evidence . . . from which a jury might return a verdict in
his favor.” Anderson, 477 U.S. at 256.
ruling on a summary judgment motion, the court must view the
facts and draw all reasonable inferences in the light most
favorable to the non-moving party. Scott v. Harris,
550 U.S. 372, 378 (2007). The court should not weigh the
evidence or make credibility determinations. See
Anderson, 477 U.S. at 255.
Plaintiff Southwest Key's Federal and State Fair Housing
moves for summary judgment, arguing that the Federal Fair
Housing Act (“FHA”) and California Fair
Employment and Housing Act (“FEHA”) do not apply
to Plaintiff Southwest Key's custodial facilities because
such facilities are not “dwellings” for FHA and
FEHA purposes and the UAC are not willing participants. (Doc.
No. 56 at 9-10.) Plaintiff Southwest Key's federal and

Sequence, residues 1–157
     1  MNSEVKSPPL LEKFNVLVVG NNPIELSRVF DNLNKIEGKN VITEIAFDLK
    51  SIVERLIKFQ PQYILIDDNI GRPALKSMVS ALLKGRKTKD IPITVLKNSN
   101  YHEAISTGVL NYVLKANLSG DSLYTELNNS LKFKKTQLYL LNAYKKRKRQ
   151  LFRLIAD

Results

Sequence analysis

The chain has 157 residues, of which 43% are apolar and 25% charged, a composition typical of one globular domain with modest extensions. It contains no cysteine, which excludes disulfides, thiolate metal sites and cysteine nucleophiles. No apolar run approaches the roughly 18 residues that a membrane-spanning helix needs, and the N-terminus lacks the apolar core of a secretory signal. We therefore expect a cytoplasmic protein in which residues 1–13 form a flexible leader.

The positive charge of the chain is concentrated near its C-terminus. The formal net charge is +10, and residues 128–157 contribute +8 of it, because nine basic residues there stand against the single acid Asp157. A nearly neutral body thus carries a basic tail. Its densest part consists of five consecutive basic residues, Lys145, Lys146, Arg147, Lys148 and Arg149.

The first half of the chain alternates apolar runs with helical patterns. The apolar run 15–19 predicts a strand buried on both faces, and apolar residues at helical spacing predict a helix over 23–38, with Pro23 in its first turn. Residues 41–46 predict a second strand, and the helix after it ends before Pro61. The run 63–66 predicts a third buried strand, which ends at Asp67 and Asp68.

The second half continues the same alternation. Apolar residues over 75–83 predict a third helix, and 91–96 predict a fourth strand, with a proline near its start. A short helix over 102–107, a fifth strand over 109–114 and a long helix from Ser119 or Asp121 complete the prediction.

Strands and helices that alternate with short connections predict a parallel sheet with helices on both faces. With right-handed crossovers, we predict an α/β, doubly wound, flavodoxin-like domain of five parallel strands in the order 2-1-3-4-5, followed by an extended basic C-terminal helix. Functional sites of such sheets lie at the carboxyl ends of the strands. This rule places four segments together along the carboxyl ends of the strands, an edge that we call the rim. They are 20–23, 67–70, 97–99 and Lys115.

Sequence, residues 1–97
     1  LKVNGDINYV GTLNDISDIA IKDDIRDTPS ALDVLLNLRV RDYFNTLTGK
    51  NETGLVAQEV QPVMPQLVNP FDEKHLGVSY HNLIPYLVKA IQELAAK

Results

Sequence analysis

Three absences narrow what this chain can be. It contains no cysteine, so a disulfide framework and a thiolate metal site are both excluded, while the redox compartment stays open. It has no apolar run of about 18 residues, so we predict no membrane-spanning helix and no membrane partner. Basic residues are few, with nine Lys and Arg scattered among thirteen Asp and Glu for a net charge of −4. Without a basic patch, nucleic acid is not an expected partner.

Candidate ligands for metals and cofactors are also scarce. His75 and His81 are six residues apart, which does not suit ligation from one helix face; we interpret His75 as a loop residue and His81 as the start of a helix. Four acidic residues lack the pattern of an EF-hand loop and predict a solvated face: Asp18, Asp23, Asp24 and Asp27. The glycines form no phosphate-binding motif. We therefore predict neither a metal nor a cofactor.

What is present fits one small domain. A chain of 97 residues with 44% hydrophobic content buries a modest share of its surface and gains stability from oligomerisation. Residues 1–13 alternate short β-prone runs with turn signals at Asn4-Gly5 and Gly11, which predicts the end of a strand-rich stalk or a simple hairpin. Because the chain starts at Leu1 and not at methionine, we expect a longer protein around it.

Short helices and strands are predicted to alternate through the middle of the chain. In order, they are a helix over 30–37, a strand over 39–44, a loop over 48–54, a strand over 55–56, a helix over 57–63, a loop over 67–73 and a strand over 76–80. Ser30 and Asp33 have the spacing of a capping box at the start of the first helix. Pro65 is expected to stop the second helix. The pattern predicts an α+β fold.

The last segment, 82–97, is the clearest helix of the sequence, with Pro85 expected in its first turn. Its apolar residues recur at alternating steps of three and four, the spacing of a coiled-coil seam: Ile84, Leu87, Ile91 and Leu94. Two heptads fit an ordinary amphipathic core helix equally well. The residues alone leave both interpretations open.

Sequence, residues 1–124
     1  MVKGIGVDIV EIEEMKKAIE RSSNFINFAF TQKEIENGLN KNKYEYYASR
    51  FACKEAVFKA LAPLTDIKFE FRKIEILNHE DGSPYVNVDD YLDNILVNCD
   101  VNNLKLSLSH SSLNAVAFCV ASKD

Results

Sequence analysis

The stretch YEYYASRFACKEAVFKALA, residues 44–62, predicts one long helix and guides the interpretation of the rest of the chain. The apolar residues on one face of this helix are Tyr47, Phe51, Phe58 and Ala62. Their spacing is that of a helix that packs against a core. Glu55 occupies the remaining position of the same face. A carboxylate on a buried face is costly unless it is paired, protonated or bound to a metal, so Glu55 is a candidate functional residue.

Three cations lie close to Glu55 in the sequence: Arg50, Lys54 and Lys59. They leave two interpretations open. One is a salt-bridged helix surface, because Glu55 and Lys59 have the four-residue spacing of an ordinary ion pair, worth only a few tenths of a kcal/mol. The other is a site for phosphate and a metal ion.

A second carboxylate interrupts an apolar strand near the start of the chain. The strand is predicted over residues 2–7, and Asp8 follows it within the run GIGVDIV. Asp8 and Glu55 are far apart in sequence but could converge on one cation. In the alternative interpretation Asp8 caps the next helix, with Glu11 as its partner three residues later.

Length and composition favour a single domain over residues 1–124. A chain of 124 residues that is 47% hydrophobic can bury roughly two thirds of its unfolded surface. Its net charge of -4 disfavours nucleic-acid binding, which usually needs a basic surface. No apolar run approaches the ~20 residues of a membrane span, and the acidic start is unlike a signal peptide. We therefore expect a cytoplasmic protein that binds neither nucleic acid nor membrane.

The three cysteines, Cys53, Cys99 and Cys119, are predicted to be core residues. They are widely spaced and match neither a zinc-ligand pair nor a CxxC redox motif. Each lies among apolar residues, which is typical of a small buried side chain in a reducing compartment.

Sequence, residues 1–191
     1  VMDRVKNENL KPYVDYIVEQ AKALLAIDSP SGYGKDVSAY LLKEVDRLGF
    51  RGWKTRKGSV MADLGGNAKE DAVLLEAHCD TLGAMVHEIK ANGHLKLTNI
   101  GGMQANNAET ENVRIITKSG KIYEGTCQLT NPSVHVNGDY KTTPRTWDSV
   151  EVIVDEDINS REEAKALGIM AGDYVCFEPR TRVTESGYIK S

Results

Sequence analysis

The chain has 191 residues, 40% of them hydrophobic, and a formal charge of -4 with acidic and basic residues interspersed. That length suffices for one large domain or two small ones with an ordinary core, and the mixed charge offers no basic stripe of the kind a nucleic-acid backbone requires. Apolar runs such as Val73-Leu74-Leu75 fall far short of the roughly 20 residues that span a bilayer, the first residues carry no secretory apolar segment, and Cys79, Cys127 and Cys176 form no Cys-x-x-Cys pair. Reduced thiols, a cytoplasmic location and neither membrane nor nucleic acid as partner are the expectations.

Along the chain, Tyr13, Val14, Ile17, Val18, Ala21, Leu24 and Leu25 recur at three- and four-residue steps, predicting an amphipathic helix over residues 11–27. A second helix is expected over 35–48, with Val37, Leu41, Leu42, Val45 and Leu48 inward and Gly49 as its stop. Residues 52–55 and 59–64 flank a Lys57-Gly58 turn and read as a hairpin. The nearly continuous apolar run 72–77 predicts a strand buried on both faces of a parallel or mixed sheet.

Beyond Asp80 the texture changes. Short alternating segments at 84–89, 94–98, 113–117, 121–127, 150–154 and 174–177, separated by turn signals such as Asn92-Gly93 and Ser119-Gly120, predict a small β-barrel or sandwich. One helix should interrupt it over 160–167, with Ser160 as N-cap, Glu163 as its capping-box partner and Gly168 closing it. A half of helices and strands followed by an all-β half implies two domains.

state fair housing claims allege that Defendant made
unavailable or denied a dwelling on the basis of race, color,
or national origin, in violation of the FHA and the FEHA.
See 42 U.S.C. §§ 3601 et seq; Cal.
Gov't Code §§ 12927, 12955 et seq. (Doc. No. 29
Whether Southwest Key's Facility Is a
“Dwelling” under the FHA
provides that “it shall be unlawful . . . to . . . make
unavailable or deny, a dwelling to any person because of
race, color, religion, . . . or national origin.” 42
U.S.C. § 3604(a). “‘Dwelling' means any
building, structure, or portion thereof which is occupied as,
or designed or intended for occupancy as, a residence by one
or more families . . . .” 42 U.S.C. § 3602(b).
threshold matter, Defendant maintains that Plaintiff
Southwest Key's proposed facility is not within the
FHA's definition of “dwelling.” Under the
FHA, the definition of “dwelling” turns on the